For some time the relations between Chile and Peru had not been very cordial. The expenses of the liberating expedition led by San Martín and Cochrane and the sum of money which the Chilean government conveyed to that country from the English loan had given occasion for vexatious diplomatic negotiations. Then later it had been impossible to enter into a commercial treaty, and both countries were keeping up a struggle over customs duties which gave opportunity for mutual protests and recriminations. In Peru the importation of Chilean wheat was burdened to the absurd extent of three to six pesos a fanega. In Chile there was a similar tariff on Peruvian sugar, and to these commodities were added several others both in Chile and in Peru. Ill will in Peru reached such a point that the government some time before decreed a highly distasteful tax against merchandise from any source which might have been deposited in the free warehouses of Valparaiso for the purpose of lessening the prosperity which that port was acquiring, thanks in a great measure to this trade privilege.
Moreover, the frequent revolutions staged in Peru were giving an opportunity to a foreign power, well known as unfriendly to Chile, to intervene there and stir up both internal discord and international friction. This foreign power was none other than Bolivia, whose president, general Andrés Santa Cruz, was ambitious to incorporate the republic of Peru with his government, and with this purpose in mind he was secretly encouraging revolutions in that country. Fearing that Chile might be an obstacle to his plans, he tried to stir up another, equally great, in the latter country and this explains why he advised the revolutionary p267 government at Lima to furnish the aid which it gave to General Freire. This government, however, did not last long. Shortly after Freire set out from Callao, Santa Cruz assumed the direction of Peru and Bolivia jointly, under the title of "Protector of the Peru-Bolivian Confederation." One campaign against the anarchistic Peruvians had brought about the realization of the fortunate general's most cherished aspirations (1836).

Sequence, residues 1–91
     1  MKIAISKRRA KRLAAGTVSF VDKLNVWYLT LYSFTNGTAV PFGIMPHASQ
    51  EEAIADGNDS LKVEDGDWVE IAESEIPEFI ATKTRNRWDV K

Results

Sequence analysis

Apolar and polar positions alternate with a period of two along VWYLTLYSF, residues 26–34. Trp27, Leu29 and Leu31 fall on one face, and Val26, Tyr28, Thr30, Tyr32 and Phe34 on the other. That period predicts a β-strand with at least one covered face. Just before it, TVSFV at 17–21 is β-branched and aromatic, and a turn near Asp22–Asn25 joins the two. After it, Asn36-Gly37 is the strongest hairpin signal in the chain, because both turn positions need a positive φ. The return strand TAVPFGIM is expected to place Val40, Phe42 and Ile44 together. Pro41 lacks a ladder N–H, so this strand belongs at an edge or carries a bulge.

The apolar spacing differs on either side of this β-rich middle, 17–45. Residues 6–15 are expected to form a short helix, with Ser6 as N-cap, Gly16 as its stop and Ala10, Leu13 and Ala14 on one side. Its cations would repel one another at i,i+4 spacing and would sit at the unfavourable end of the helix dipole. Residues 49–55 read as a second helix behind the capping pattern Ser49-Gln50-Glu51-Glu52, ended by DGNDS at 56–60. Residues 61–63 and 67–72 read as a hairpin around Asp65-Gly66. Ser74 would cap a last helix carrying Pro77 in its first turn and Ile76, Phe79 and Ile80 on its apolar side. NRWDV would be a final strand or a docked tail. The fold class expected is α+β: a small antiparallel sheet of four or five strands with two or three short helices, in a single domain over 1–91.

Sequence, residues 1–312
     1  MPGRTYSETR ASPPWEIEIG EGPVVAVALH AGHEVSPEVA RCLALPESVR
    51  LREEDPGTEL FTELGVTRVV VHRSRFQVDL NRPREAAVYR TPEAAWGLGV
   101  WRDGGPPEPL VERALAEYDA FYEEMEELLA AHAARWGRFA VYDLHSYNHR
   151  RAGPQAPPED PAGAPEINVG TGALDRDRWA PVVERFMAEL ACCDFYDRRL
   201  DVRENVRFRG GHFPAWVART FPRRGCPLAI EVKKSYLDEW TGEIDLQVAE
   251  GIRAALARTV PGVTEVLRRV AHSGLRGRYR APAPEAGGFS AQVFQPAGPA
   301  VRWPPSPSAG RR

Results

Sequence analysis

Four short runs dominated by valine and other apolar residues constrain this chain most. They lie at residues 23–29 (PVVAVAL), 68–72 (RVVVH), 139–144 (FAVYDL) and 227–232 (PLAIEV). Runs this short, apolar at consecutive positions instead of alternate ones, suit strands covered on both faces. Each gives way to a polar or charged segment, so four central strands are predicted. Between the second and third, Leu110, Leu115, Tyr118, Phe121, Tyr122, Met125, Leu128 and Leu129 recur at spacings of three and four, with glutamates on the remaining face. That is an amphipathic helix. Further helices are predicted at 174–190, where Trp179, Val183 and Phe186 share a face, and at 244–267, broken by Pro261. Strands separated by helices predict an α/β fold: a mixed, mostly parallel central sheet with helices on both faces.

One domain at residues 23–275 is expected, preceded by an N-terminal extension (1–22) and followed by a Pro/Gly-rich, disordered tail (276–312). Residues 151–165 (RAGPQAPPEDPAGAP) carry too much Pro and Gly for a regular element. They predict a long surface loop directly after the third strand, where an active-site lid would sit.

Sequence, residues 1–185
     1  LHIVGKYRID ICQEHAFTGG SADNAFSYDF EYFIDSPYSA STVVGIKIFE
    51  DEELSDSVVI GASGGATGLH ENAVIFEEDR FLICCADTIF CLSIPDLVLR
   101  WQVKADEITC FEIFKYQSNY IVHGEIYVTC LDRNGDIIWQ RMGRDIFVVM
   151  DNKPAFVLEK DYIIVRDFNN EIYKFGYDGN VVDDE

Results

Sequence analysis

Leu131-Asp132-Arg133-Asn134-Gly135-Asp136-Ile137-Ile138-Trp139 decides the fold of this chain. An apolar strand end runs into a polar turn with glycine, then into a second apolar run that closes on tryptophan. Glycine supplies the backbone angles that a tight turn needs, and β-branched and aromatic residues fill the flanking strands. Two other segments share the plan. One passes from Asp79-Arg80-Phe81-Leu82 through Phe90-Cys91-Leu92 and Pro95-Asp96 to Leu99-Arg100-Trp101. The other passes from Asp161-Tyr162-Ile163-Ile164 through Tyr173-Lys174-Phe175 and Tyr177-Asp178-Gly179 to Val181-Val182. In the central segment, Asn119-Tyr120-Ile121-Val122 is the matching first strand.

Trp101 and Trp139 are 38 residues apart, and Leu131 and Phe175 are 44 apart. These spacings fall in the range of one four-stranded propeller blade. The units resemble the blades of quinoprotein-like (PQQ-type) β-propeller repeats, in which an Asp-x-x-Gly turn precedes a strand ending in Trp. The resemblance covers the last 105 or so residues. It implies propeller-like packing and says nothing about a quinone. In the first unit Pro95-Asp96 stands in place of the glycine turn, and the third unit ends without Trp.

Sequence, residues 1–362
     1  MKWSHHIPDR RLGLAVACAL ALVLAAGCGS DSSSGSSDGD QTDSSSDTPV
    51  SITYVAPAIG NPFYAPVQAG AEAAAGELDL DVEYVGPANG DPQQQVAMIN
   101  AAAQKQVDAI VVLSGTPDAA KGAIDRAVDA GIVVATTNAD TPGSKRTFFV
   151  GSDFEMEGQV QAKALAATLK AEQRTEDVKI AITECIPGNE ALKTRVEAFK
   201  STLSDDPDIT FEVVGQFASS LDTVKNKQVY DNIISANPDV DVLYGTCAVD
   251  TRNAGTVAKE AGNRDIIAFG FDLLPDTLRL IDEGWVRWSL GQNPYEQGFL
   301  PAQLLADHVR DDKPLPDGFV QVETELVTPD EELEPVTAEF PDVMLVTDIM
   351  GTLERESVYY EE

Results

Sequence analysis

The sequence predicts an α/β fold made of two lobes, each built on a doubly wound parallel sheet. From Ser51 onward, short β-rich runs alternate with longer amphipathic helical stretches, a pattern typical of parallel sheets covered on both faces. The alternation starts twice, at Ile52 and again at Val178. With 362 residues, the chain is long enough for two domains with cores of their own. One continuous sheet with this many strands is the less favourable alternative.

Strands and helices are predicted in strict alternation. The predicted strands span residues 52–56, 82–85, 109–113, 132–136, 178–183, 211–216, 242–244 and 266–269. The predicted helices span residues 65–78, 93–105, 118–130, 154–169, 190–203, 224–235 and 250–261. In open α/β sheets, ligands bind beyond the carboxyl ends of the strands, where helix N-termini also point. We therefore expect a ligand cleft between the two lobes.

Such overwhelming success could not fail to attract the attention of the men governing Chile; and, although Bernardo O'Higgins, exiled in Peru, through letters to President Prieto and other friends tried to minimize the aggressive spirit which the men directing that country were showing toward Chile, Portales did not become over-confident; but, from the moment that he received the news of the revolutionary expedition of Freire, he determined upon war with the Peru-Bolivian Confederation.